Rob Sachs: We are going to talk about Nagorno-Karabakh, a region that’s been used to living in limbo. The territory is home to nearly a million people, and it’s internationally recognized as being part of Azerbaijan, one of the states of the former Soviet Union. But, in 1994, Armenians living in the region won a hard-fought victory and claimed the region to be autonomous. Soldiers from Armenia have been there to protect people in Karabakh, which doesn’t sit well with Azerbaijan and the state of Karabakh has been in flux since.

Jessica Jordan: Today Russian President Dmitry Medvedev will renew efforts to end the conflict by encouraging the presidents of Armenia and Azerbaijan to agree to a document on basic principles that consist of six elements that seek to reconcile the Armenian aspiration of Nagorno-Karabakh secession with Azerbaijan’s claim to territorial integrity. Joining us now to discuss this is Alexey Malashenko, a scholar in residence at the Carnegie Moscow Center. Can you outline the document on basic principles for us?

Alexey Malashenko: The document on basic principles of Nagorno-Karabakh conflict is a possible treaty on Nagorno-Karabakh, which stipulates the so-called “transitional status” of Nagorno-Karabakh, guarantees security of the population, the withdrawal of Armenian forces from Azerbaijan’s territory and the creation of the so-called “corridor” between Armenia and Nagorno-Karabakh. These are the principles presented in Madrid and that was long ago. At the moment they are continuing to discuss this preliminary agreement in Madrid. There was a huge misunderstanding between Armenia and Azerbaijan before, but at the moment there’s a hope that both sides – the Armenians and the Azeri – are ready to work out not the treaty – I am emphasizing it – but the principles of Madrid. And that will be considered the first step towards the final agreement. But, as they understand, there’s the main problem without any solution – the real status of Nagorno-Karabakh, because I’m sure that Azerbaijan will never recognize the independence of Nagorno-Karabakh, while the government and the people of Nagorno-Karabakh are insisting that without the recognition of Nagorno-Karabakh’s independence it’s impossible to put an end to the conflict. This is the problem. So, of course, the negotiations between Medvedev, Ilkham Aliyev and Serzh Sargsyan in Kazan are a very good thing, because it’s much better than a war. But I doubt that in a couple of years or in a dozen of years any real treaty between Armenia and Azerbaijan concerning Nagorno-Karabakh will be signed. But we need to be optimistic, because there is no war between the two countries.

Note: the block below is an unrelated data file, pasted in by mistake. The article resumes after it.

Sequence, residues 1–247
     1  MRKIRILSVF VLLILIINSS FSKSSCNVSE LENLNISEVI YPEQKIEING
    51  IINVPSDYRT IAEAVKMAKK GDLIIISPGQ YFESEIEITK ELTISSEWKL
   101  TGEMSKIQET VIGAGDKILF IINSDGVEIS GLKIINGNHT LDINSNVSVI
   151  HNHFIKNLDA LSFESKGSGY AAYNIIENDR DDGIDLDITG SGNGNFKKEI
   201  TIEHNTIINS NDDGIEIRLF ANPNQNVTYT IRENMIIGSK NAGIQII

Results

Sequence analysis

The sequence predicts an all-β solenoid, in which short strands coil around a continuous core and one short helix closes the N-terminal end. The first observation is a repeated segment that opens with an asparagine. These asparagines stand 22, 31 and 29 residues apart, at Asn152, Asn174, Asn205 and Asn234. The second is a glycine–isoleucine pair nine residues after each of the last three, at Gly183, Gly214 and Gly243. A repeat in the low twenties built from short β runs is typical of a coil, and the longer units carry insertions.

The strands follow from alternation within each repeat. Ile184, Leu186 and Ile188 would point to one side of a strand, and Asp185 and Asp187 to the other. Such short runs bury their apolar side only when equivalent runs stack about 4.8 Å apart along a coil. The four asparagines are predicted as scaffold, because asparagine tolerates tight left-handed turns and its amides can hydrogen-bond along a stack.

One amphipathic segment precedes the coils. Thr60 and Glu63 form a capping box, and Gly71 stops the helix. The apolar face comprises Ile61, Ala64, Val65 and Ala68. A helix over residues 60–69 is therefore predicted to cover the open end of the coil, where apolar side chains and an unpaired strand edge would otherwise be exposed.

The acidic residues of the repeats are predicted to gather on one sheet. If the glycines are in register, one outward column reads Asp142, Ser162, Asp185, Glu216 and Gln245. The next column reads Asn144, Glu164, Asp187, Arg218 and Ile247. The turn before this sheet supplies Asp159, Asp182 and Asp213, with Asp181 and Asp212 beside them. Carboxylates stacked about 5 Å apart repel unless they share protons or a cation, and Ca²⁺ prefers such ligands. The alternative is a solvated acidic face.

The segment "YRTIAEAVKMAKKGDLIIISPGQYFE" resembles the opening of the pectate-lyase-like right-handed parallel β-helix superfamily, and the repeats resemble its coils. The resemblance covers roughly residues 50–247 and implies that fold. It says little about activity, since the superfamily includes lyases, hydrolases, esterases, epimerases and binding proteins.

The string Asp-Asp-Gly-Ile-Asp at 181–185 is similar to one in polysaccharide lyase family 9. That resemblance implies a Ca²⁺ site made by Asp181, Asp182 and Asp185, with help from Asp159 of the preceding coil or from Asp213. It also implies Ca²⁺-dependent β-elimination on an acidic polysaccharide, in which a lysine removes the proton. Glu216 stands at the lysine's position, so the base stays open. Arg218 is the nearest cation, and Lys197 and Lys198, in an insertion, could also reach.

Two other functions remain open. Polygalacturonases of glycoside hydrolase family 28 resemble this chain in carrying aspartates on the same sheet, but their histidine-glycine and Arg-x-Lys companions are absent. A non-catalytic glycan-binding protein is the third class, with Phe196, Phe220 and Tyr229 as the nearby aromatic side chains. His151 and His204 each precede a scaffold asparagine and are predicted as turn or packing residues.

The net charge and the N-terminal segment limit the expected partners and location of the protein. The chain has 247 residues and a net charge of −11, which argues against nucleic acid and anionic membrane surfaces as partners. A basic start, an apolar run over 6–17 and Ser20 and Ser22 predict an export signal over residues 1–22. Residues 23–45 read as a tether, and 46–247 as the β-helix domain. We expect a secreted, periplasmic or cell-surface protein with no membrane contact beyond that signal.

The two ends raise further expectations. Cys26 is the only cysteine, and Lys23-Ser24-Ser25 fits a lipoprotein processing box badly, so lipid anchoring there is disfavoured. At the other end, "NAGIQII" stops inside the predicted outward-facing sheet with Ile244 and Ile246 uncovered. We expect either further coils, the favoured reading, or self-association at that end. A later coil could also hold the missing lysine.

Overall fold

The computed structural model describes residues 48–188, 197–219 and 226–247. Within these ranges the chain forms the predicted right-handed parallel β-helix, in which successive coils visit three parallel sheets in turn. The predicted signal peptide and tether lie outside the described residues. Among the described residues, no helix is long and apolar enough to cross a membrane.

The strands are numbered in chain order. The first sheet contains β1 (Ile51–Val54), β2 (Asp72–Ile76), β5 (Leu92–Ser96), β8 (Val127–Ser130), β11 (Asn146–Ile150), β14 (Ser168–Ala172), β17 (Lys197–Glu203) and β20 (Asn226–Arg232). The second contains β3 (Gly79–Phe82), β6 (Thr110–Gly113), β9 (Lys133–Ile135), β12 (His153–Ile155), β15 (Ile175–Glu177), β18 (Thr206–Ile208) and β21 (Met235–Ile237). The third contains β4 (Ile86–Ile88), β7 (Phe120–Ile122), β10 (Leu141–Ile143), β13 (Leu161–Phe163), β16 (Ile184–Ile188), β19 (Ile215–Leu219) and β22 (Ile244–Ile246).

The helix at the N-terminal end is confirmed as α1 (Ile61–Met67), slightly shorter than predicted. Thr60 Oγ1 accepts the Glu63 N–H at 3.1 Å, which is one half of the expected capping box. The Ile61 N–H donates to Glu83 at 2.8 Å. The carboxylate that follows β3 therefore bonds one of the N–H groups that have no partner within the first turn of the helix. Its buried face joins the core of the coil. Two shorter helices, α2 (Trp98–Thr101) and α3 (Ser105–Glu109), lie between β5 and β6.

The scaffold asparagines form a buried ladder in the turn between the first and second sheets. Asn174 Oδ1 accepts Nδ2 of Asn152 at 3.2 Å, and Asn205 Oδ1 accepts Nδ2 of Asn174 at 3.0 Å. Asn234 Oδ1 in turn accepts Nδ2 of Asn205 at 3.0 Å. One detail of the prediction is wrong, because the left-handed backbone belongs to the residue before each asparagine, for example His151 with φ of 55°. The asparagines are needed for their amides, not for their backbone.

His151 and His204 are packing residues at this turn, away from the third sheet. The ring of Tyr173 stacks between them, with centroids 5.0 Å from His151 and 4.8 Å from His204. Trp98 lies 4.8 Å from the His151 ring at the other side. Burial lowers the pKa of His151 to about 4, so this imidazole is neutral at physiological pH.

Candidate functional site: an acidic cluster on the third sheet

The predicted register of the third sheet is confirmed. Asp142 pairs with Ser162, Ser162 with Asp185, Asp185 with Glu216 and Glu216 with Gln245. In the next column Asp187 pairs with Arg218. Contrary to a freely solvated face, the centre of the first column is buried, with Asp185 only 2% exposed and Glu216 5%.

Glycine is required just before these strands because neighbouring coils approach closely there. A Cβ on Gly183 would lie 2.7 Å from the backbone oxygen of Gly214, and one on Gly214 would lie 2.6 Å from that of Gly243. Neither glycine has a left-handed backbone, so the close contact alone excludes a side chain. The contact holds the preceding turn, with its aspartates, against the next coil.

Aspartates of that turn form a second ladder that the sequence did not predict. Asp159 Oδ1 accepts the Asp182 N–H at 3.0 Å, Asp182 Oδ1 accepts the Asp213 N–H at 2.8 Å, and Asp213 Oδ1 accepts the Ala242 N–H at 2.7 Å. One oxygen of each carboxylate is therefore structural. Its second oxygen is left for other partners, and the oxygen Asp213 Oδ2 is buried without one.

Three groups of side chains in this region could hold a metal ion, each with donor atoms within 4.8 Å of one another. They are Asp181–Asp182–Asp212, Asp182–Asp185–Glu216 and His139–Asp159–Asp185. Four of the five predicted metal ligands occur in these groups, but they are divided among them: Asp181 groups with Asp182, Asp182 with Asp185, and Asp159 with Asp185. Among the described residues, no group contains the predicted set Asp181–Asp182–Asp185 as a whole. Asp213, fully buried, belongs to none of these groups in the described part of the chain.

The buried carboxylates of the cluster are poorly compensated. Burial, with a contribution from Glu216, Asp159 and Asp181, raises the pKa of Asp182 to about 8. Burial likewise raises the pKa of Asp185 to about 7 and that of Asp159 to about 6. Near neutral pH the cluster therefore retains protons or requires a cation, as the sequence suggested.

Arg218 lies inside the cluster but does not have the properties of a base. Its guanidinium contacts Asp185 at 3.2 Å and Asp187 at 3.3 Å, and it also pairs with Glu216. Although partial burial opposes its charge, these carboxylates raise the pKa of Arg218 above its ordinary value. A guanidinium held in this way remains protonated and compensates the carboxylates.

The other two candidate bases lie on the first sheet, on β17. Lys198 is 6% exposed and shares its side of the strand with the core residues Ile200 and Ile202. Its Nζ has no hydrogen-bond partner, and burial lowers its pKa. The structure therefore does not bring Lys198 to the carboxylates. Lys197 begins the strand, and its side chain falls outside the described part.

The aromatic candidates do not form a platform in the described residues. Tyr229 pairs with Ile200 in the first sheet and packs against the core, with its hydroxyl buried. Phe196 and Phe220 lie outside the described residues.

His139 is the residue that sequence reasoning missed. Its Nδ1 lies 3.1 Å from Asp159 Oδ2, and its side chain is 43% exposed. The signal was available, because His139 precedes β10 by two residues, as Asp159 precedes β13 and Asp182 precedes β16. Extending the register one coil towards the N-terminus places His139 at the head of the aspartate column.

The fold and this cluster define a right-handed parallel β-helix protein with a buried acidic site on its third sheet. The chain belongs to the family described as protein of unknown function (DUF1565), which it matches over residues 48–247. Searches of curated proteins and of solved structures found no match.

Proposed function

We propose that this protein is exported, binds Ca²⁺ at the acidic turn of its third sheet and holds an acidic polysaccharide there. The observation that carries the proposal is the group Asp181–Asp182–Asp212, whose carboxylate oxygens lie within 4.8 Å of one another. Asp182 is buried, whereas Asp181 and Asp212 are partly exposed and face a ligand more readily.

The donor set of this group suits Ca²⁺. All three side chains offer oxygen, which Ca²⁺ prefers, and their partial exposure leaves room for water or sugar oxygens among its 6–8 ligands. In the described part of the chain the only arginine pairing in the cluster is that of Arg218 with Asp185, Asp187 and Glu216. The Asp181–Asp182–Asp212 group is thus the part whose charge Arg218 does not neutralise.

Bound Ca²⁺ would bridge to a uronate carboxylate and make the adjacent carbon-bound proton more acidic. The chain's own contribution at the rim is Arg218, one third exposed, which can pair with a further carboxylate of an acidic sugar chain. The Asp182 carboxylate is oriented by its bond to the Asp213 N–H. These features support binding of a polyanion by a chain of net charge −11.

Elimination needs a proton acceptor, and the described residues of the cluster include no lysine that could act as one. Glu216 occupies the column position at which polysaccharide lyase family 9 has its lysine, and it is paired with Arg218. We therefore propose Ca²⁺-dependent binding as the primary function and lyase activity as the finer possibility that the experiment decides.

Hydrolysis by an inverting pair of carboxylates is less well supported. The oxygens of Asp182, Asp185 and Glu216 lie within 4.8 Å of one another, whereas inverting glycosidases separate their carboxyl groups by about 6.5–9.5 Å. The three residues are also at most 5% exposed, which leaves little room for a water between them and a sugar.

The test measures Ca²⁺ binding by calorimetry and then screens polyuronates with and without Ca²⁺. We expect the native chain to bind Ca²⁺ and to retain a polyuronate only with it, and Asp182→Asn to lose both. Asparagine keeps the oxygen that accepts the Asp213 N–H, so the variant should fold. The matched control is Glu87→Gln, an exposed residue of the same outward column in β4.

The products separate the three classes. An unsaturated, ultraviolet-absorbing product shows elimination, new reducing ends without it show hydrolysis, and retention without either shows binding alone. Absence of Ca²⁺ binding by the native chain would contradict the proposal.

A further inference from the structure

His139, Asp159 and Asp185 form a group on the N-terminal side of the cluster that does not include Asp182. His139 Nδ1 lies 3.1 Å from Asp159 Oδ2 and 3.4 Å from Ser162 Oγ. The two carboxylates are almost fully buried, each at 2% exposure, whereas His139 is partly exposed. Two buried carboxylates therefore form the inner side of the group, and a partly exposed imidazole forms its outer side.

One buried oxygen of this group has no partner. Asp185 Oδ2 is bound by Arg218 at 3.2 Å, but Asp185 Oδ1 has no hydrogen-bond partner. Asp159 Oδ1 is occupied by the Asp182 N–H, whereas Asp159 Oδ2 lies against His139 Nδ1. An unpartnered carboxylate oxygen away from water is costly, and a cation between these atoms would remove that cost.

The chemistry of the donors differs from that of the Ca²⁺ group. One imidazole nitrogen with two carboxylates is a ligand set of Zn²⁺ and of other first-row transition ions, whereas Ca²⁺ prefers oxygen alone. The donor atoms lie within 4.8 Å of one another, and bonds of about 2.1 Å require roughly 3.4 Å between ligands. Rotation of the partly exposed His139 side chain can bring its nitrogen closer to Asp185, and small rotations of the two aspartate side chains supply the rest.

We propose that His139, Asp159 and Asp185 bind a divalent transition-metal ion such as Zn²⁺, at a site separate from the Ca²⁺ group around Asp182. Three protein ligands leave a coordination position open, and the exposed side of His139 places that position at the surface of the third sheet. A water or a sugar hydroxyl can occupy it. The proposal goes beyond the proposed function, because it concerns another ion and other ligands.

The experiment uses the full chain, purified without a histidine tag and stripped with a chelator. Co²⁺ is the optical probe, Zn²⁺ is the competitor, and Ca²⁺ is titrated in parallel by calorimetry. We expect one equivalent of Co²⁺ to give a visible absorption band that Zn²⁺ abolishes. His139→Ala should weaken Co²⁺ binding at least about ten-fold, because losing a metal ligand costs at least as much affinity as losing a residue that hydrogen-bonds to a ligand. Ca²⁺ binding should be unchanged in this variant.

Jessica Jordan: Alexey, can you talk a little bit about the tension there, between the people of Azerbaijan and Armenian soldiers, right on the front lines, where these Armenian soldiers are stationed right now. What is the feeling for those soldiers, who are constantly camped right on the dividing line, who are always ready for combat if it does arise again?

Alexey Malashenko: I know about it and my answer to your question will be very simple. I don’t believe that a war between two countries means a double suicide. I cannot imagine who’ll come out victorious. I cannot imagine how the situation will be going on. Of course, something may happen. But it’s not a big war, and both presidents understand it very well, despite the fact that, for instance, some time ago Ilkham Aliyev said Azerbaijan was much better prepared for the war than Armenia, despite the fact that they’re continuing to say in Armenia the military of Armenia is better than that in Azerbaijan. But I cannot believe it’s possible. At the moment, my opinion of the situation is much more optimistic that in was 15 years ago.

Rob Sachs: We’ve been looking how the situation has been going on for two decades. I’m wondering what President Dmitry Medvedev is bringing to the table as new that may be able to break the impasse that’s been going on for so long?

Alexey Malashenko: Sometimes I prefer to compare the conflict around Nagorno-Karabakh between Armenia and Azerbaijan to the conflict in the Middle East, because it’s a matter of eternity. I understand that it’s a very important problem for the region, for Russia, for Armenians and Azeris, but indeed it’s impossible to solve the issue, because it’s a problem of independence of a land, of a newly-born country. And we understand very well that Azerbaijan will never recognize the independence of this Armenian land. So, it’ll continue, and we have to be ready.

Jessica Jordan: So, what has been Russia’s role in negotiating this peace? What should be their role going forward?

Alexey Malashenko: I think the key problem around this conflict and the problem of Russia’s participation consists in talking, because when you talk, you don’t make war on each other. And from that point of view an intermediary is very important. If they agree on the principles of the Madrid treaty that’s very good, because it’ll mean that both countries refused to use military methods. But it doesn’t mean they’re ready for a certain agreement.

Rob Sachs: I think it’s good to be optimistic like you are, and it’s nice to know that you feel there’s not going to be another war. But we’ll still see how this is going to be resolved. If it’s not going to be resolved they will have to learn how to work with the status quo.

This interview originally appeared on the Voice of Russia site.